The Making of Americans

by Robert Pondiscio
September 1st, 2009

The official publication date is still two weeks away (Sept. 15), but copies of E.D. Hirsch’s new book, The Making of Americans: Democracy and Our Schools, have started to hit the bookstores.  Jay Mathews gets a jump with his review in the Washington Post.  “If the inventive 81-year-old had been a business leader or politician or even a school superintendent, his fight to give U.S. children rich lessons in their shared history and culture would have made him a hero among his peers,” Mathews shrewedly observes. ”Instead, he chose to be an English professor, at the unlucky moment when academic fashion declared the American common heritage to be bunk and made people like Hirsch into pariahs.” 

Mathews notes (correctly, I think) that Hirsch’s new book makes the case for a common curriculum “in the clearest form since his ground-breaking 1987 book, Cultural Literacy.”

“The Making of Americans” puts the most troublesome elementary school subject, reading, at the center of its argument. Reading achievement and language proficiency generally have been disappointing for decades, particularly in schools full of the children of immigrant or impoverished parents. Progressives have called for engaging students with lessons that celebrate their real lives and their cultural heritages. Old books about dead white guys don’t hack it, they say. Hirsch’s research convinced him that this approach cut children off from the shared background they all must have to understand the words in front of them.

Richard Kahlenberg, reviews the book in the Autumn issue of The American Scholar, not yet available online:

In The Making of Americans, Hirsch…widens the lens to connect his ideas on education reform to the fundamental rationales for our system of public schools in the United States. Citing the writings of Thomas Jefferson, Abraham Lincoln, and Horace Mann, Hirsch identifies two central reasons for the American “common school”: to create social mobility, allowing bright, hard-working students of all origins to enjoy the American dream; and to create social cohesion, binding children of diverse economic, racial, and ethnic backgrounds into citizens of a single nation. Hirsch makes a highly cogent case to support the concept that a common curriculum is necessary in elementary schools to further both goals. The American focus on skills, rather than on content, has left low-income students bereft of “unspoken background knowledge” that is explicitly taught in countries like France and Finland, where levels of academic inequality are much lower. “It does not seem to occur to the intellectual descendants of Rousseau,” Hirsch writes, “that the four-year-old children of rich, highly educated parents might be gaining academic knowledge at home that is unfairly being withheld (albeit with noble intentions) from the children of the poor.”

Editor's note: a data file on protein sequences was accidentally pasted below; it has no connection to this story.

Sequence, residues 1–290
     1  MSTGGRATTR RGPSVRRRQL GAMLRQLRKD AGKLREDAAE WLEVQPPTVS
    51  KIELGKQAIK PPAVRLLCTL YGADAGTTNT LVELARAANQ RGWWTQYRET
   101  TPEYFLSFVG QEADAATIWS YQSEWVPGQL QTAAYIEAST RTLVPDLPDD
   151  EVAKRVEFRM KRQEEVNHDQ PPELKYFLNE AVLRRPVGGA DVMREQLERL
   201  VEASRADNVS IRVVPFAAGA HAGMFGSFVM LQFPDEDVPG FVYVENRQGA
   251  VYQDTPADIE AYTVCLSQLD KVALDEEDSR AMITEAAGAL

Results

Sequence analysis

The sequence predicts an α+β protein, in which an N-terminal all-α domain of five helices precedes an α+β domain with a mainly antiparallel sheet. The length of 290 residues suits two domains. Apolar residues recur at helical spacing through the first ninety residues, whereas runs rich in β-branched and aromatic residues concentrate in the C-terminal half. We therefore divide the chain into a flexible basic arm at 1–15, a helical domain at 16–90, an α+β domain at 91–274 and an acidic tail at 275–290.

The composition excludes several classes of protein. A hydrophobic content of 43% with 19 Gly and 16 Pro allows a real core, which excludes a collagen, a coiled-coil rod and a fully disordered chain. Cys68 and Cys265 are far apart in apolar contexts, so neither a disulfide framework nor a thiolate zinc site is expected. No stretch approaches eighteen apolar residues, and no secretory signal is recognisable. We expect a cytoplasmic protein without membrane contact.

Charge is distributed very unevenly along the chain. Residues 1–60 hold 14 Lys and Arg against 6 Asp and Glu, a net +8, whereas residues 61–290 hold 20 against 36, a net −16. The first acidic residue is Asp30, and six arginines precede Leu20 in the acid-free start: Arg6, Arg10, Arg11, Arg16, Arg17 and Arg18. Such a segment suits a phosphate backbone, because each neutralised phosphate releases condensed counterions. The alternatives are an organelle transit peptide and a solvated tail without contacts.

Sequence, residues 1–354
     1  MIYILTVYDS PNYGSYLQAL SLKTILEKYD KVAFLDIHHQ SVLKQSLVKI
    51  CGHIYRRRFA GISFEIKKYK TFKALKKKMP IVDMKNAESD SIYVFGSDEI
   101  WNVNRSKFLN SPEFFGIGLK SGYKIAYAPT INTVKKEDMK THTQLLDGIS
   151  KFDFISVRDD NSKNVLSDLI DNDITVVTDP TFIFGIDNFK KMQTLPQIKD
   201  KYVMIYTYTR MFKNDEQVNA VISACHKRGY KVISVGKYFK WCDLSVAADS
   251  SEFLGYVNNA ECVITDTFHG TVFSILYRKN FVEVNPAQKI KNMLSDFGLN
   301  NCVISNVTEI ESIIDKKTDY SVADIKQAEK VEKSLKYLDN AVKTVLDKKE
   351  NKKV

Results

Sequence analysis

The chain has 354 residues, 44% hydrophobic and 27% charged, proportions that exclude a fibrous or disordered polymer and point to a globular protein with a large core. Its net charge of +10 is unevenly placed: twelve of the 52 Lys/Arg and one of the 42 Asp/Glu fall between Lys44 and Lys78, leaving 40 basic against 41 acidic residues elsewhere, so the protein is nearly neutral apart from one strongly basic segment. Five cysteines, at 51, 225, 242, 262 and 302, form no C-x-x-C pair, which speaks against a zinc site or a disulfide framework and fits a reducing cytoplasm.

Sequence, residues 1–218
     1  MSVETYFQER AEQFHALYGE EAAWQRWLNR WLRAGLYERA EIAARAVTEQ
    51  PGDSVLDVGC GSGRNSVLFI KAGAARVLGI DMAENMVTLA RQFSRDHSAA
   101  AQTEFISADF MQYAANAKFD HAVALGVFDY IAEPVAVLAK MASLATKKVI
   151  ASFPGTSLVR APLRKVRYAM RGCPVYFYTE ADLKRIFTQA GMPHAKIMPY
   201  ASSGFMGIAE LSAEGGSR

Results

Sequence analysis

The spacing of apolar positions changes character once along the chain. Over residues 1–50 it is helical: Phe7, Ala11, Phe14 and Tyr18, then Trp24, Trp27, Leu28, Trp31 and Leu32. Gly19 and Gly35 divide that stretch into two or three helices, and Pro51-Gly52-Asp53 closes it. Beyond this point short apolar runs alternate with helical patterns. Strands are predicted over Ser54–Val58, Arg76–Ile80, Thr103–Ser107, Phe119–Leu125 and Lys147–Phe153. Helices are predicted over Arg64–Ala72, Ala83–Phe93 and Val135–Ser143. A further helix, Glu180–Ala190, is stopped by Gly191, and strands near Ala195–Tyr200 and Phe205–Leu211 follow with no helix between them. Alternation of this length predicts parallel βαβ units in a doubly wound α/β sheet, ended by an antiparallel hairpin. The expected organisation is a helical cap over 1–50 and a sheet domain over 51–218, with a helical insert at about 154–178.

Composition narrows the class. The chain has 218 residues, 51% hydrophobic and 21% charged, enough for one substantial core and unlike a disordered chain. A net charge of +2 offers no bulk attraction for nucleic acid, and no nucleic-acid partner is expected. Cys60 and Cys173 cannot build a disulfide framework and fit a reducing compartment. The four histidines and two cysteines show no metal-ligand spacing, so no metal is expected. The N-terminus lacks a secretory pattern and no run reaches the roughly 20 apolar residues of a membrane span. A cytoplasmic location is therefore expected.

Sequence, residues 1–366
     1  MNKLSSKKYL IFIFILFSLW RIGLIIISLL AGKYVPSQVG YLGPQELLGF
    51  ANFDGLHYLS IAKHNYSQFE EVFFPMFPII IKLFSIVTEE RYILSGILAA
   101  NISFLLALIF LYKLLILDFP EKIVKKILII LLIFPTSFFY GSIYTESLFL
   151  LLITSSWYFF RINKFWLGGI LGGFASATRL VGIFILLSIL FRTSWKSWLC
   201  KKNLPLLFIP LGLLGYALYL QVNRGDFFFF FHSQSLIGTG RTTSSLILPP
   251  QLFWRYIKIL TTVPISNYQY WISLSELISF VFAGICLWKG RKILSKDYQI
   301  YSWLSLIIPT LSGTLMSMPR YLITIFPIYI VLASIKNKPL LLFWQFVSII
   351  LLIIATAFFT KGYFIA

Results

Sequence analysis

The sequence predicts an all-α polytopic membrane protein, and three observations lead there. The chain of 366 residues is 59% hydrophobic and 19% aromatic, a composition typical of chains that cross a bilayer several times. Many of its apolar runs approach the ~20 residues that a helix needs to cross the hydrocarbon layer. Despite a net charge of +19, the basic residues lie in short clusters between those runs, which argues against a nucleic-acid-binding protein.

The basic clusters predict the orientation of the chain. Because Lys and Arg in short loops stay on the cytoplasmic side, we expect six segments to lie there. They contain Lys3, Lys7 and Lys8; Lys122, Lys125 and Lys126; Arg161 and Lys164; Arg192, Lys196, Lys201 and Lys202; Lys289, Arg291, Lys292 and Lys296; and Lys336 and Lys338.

“American education would be far better off if leaders heeded Hirsch’s sound advice to restore a common-core curriculum, Kahlenberg concludes.  “Our system would do even better still if leaders went one step further and reinvented Horace Mann’s economically integrated common school for the 21st century.”


  1. Regrettably, social cohesion has not been a valued goal of public education since the 60s generation replaced it with the multi-culti goals of tribalism and the rush to blame Western Civilization (America in particular) for everything bad that has happened on the planet in the past 100+ years.

    Comment by momof4 — September 1, 2009 @ 2:26 pm

  2. Sorry, but the “blame America first” complaint is more fiction than fact. I was in public K-12 schools from the early ’70s through the mid ’80s and saw little evidence that Western Civilization was being maligned. I still see little evidence of that in most of the schools I encounter.

    In fact, Robert’s posting reveals at least as much unease with Rousseau (Emile) and the Romantics as with anyone else. I’m looking forward to reading Hirsch’s book for the full scoop.

    Comment by Claus — September 1, 2009 @ 3:53 pm

  3. Can’t wait to read the book. I’m sure it will be VERY interesting.

    Comment by Paul Hoss — September 1, 2009 @ 6:17 pm

  4. Mom of 4,

    My ed school professors (circa 1994) certainly tried to promulgate an anti-Western Civ attitude in their prospective teachers. I doubt my ed school was unique. Of course, not every grad parrots the party line, but I can’t help but think a certain bias did seep into our public schools. As a graduate of St. John’s College –”the Great Books College” –I have sometimes sensed this bias when I mention my alma mater. In fact I’m pretty sure that this is what explains a certain assistant superintendent’s overt hostility to me at a job interview a few years back.

    I actually don’t particularly care if Western civ gets inculcated in our kids –I’d just like SOME rich tradition to be implanted. I’d happily teach the Chinese classics if I could.

    Comment by Ben F — September 2, 2009 @ 12:40 am

  5. In today’s volatile political climate who will decide what is our “shared background”?

    Comment by Jillian — March 9, 2012 @ 1:01 am

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